Fuel cells have been around for decades, and the science behind them isn’t complicated. Essentially, they use oxygen from the air and combine it with hydrogen to create electricity, sufficient to power a motor. A car using a fuel cell as its only power source emits heat and water – nothing more – and so qualifies as a zero emissions vehicle. Fuel cells saw service in the Apollo craft used for the moon landings but the first wheeled vehicle using them was a modified farm tractor, built in 1959.
General Motors pioneered their use in passenger vehicles, harnessing the technology in 1966. Called the Electrovan, GM’s van-based vehicle could run 120 miles between fill-ups of compressed hydrogen and reach 70mph, too. But, although it was the size and shape of a modern Ford Transit, the space needed for the hydrogen tank and stack of fuel cells left room for only the driver and a single passenger; plus no luggage.
Other car makers have since pitched in, refining the process and reducing the size of the fuel tank by designing them to accept hydrogen at very high pressures – 10,000psi or more. The size and cost of fuel cells has also reduced over time.
Honda has trialled its fuel-cell version of its FCX small hatch (a US-only model) and has leased dozens to volunteer early adopters in California, most of whom have given glowing reports.
Mercedes-Benz, too, has produced a fuel cell bus, and as many as a dozen other manufacturers have also got themselves involved. At time of writing, a number are promising to launch fuel-cell cars by as early as next year. Toyota (April next year for around £40K) and Mercedes are prominent among them.
Don’t go thinking, though, that within a few years, fuel cell technology will outstrip that of electric cars to pose a head-on challenge to the internal combustion engine.
Nowhere to fill-up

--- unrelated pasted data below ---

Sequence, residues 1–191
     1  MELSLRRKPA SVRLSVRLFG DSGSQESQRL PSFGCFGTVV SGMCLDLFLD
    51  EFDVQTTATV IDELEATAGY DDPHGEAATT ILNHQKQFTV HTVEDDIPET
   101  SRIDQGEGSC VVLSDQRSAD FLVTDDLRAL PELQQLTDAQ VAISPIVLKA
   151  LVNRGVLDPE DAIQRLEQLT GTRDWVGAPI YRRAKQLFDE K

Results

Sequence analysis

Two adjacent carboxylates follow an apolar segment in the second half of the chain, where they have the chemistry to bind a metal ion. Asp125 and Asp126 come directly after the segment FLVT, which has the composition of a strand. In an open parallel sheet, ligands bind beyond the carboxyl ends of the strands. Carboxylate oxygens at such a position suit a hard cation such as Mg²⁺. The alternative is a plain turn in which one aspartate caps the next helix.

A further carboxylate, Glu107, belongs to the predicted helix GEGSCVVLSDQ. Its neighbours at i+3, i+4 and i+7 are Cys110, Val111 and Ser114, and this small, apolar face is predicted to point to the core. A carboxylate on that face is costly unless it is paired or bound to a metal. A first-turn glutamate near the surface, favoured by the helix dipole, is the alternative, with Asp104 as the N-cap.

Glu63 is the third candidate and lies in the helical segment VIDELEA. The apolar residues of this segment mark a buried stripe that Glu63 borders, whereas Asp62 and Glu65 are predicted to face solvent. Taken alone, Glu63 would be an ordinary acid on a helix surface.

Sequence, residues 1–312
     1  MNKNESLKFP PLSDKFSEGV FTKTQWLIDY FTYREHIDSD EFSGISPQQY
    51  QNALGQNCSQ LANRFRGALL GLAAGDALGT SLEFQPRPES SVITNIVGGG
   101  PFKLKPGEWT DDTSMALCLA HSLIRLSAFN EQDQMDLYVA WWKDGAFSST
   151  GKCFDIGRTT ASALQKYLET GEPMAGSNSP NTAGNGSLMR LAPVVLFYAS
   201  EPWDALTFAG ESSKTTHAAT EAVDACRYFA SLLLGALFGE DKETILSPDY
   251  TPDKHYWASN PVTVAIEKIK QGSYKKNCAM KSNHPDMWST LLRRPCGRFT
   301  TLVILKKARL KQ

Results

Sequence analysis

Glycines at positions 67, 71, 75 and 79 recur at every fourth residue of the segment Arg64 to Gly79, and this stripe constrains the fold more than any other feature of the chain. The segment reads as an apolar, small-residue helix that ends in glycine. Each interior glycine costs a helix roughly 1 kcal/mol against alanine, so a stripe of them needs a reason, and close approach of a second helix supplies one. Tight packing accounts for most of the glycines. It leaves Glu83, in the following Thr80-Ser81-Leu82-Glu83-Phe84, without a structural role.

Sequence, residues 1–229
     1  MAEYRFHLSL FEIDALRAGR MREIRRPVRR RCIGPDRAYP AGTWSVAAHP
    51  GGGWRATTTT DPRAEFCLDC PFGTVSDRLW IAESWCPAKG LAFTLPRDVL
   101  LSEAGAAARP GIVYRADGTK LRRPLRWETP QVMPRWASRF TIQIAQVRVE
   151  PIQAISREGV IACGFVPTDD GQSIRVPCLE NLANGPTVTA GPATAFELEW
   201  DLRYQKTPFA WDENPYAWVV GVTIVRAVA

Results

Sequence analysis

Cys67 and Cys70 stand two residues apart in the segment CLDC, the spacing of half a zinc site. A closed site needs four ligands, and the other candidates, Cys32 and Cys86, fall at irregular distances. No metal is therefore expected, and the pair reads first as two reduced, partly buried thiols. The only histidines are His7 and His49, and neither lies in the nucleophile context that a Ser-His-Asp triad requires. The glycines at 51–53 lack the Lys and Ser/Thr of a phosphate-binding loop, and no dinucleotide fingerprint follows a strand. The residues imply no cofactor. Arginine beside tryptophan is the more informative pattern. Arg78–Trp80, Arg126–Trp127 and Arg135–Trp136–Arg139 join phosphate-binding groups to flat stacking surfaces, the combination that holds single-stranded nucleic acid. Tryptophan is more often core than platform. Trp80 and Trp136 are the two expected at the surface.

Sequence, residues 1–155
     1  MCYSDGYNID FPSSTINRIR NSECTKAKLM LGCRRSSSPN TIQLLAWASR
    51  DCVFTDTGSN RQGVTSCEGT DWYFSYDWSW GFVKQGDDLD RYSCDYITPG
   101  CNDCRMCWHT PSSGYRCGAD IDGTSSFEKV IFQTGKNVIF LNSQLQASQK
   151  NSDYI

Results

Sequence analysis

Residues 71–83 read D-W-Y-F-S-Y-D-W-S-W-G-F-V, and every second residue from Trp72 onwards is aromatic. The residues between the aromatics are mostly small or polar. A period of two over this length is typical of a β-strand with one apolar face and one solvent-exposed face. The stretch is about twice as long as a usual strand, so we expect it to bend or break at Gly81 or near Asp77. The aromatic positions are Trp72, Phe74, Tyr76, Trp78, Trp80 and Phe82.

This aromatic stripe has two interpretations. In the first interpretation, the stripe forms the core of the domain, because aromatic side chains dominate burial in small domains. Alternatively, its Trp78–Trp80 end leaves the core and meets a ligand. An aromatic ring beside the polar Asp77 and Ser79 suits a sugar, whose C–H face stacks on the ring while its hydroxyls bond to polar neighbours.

Key to the development of fuel cell cars is the availability of a fill-up network for hydrogen. Because of the high pressures we’ve already mentioned at which hydrogen must be compressed in car tanks, filling up is more involved. What’s more, at present there is no network of pumps – the US has just 10 publicly available fill-up points.
And if even such problems are overcome, the crunch comes with the environmental questions surrounding this propulsion method. The hydrogen ‘fuel’ has to be produced, which (without going too far into the nitty-gritty of how) is a pretty energy-intensive business. Most hydrogen is made by a process known as ‘steam reformation’, which some critics say ‘loses ’a fair percentage of energy along the way. Then there’s the question of the vehicle’s efficiency.
The science behind a fuel cell is rudimentary: it’s made up of just three main elements – an electrolyte, an anode and a cathode. These react to generate electricity, when then powers a motor. In some ways, a fuel cell is little different to a battery.
Cost more, do less?
However, while experts rate fuel cells as more energy-efficient than diesel or petrol engines, they are much less so than a standard battery, charged using mains electricity and turning a motor. And there’s a feeling in some camps that there’s little sense in putting time and skill into developing the technology for cars when using a battery and a motor is more efficient and far closer, too, to wider acceptance?
Another issue is the cost of the vehicles. The high pressures in the fuel tank and also in the reaction process mean that vehicles must be built strongly and to very fine manufacturing tolerances. There’s also the vexed question of safety when a crash occurs and so risks the release of a gas stored under extreme pressure. Doubtless production cars will meet current safety standards – but at considerable extra cost.
While fuel cell technology remains of interest to vehicle manufacturers we don’t see it as an alternative to electric cars unless it unexpectedly leaps ahead in its development. As things stand, electric cars have the upper hand.